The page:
Toward an Overview of Iraq 

Toward an Overview of Iraq

This piece, even though it is from the Socialist International, actually seems like a good summary. The U.S. has created something of a monster in the present Shiite-dominated government in Iraq. U.S. officials recognize that fact--that the present government might worsen, rather than improve, relations with Sunnis--and that is why they are once again pushing Chalabi and Allawi.

To the extent that really nasty insurgents, or their strongholds, can be identified, the violence of the stick must still be used and is still being used. The Iraqi government is already going farther, however--killing Sunnis who might help with peaceful development, and trying to strengthen a mullah-dominated, pro-Iranian regime. Death squads are reminiscent of previous U.S. operations; torture goes on much as it did under Saddam, before "liberation." Perhaps the cast of victims has changed, or reversed.

Kevin Drum presents two reports: Allawi fears that the new government is out of control; Abdul Aziz Hakim, the leader of the main Shiite party, says, in Drum's paraphrase, "you ain't seen nothing yet."

UPDATE: Then there is Ahmed Chalabi, during his recent visit to the U.S. His conversation over dinner with Arianna Huffington is more interesting than anything he said "officially":

Chalabi definitely wants American troops to stay in Iraq -- even though he had a lot of horror stories about the way the U.S. military is operating "with total immunity and impunity."

"American soldiers," he said, "are breaking into people's homes and are arresting and detaining Iraqi citizens without charges. Even if they run over an Iraqi and kill him they will not be charged with a crime, because they are above Iraqi law."

"Isn't that proof," I kept asking, "that the presence of the military is fueling the insurgency, and that your job would be easier if the Americans left?"

"No," he kept insisting, "we need the Americans to protect us from our neighbors. From Syria, from Saudi Arabia, from Iran."

That's obviously one of the main objectives of his current trip. He's convinced that the administration, for political reasons, is looking for a way out of Iraq. And he wants to make sure that doesn't happen.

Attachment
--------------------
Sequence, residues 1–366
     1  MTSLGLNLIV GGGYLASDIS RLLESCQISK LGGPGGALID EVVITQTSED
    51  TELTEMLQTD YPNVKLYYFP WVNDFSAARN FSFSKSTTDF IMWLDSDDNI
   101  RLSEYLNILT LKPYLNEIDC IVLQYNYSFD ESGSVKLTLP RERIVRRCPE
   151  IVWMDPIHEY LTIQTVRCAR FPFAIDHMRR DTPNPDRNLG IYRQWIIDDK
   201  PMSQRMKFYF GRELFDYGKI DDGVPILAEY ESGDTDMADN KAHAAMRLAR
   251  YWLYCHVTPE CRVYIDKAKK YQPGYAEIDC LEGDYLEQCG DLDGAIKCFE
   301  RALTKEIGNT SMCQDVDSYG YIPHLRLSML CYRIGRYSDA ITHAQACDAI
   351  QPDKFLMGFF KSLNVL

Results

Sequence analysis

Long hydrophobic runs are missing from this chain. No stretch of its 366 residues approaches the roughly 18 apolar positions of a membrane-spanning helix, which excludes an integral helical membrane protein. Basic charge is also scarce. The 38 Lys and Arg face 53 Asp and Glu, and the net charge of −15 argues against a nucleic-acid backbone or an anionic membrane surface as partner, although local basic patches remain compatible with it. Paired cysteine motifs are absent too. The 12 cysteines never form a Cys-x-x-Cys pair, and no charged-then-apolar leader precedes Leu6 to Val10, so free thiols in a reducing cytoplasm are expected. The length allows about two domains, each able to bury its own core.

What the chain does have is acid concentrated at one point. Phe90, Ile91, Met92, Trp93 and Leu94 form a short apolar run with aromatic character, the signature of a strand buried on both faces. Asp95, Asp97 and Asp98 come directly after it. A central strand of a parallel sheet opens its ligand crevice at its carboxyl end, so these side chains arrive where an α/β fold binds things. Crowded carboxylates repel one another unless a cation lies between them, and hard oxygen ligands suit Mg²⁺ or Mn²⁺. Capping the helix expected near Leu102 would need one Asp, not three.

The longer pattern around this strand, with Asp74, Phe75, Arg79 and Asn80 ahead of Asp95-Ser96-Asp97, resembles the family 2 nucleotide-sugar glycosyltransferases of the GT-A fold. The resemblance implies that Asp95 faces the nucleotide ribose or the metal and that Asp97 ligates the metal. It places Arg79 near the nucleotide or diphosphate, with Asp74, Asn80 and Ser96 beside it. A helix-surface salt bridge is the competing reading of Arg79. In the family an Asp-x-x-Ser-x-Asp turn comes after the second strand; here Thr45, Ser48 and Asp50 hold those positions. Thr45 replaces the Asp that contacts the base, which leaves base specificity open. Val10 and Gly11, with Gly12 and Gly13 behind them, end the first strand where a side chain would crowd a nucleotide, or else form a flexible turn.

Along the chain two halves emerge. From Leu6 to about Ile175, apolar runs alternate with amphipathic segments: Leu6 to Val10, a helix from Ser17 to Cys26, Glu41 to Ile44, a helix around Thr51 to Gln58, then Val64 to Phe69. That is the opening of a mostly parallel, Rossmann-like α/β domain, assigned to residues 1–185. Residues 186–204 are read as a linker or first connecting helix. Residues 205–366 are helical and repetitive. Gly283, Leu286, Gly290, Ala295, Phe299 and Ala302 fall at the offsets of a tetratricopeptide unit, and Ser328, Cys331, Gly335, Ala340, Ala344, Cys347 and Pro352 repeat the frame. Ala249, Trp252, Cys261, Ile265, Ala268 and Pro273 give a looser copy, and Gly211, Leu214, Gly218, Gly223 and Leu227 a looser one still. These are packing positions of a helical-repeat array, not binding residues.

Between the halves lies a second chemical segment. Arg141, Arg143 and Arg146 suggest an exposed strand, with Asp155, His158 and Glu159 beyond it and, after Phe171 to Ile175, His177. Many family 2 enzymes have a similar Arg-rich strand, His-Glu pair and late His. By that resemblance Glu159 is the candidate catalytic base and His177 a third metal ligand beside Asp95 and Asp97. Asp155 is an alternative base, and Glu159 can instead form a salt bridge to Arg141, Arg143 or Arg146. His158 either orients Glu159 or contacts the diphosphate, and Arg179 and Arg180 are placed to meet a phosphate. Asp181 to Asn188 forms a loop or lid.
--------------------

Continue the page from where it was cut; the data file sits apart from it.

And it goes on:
But his other objective, which he told me he was planning to discuss with both Rumsfeld and Cheney, is to change the way U.S. troops are operating in Iraq. "America," he said, "has a Status of Forces Agreement (SOFA), which governs how U.S. forces operate inside a sovereign nation, with over 100 countries. But the Bush administration refuses to have one with Iraq -- and, as a result, the U.S. Army is operating outside the law. Rumsfeld feels that a SOFA will tie the hands of the U.S. military and not allow it to fight the insurgency. Of course, the lack of such an agreement has the opposite effect since it causes great resentment towards the U.S. among the Iraqi people."

Another thing made clear through the night was how much Chalabi hates Paul Bremer and what the Coalition Provision Authority did in Iraq. So much so that he's willing to praise Henry Waxman, who has criticized him harshly, but who, according to Chalabi, has done the most thorough work on what he regards as "the tragic waste and abuse of billions of dollars that belonged to the Iraqi people."

"The administration wants to cover this up," he told me. "Let's hope Waxman won't let them."

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